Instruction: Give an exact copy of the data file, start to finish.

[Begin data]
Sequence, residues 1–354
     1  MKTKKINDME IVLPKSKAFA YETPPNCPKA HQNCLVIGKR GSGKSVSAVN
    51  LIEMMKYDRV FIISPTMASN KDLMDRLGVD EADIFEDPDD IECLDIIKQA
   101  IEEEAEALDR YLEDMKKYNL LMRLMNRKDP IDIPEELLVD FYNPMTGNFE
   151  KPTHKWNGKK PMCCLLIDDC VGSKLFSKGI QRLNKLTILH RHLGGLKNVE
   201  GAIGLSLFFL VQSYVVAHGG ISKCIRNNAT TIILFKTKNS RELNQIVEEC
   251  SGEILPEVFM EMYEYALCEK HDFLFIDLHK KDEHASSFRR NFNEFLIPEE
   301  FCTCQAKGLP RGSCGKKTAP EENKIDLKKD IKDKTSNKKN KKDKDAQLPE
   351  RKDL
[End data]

Sequence, residues 1–354
     1  MKTKKINDME IVLPKSKAFA YETPPNCPKA HQNCLVIGKR GSGKSVSAVN
    51  LIEMMKYDRV FIISPTMASN KDLMDRLGVD EADIFEDPDD IECLDIIKQA
   101  IEEEAEALDR YLEDMKKYNL LMRLMNRKDP IDIPEELLVD FYNPMTGNFE
   151  KPTHKWNGKK PMCCLLIDDC VGSKLFSKGI QRLNKLTILH RHLGGLKNVE
   201  GAIGLSLFFL VQSYVVAHGG ISKCIRNNAT TIILFKTKNS RELNQIVEEC
   251  SGEILPEVFM EMYEYALCEK HDFLFIDLHK KDEHASSFRR NFNEFLIPEE
   301  FCTCQAKGLP RGSCGKKTAP EENKIDLKKD IKDKTSNKKN KKDKDAQLPE
   351  RKDL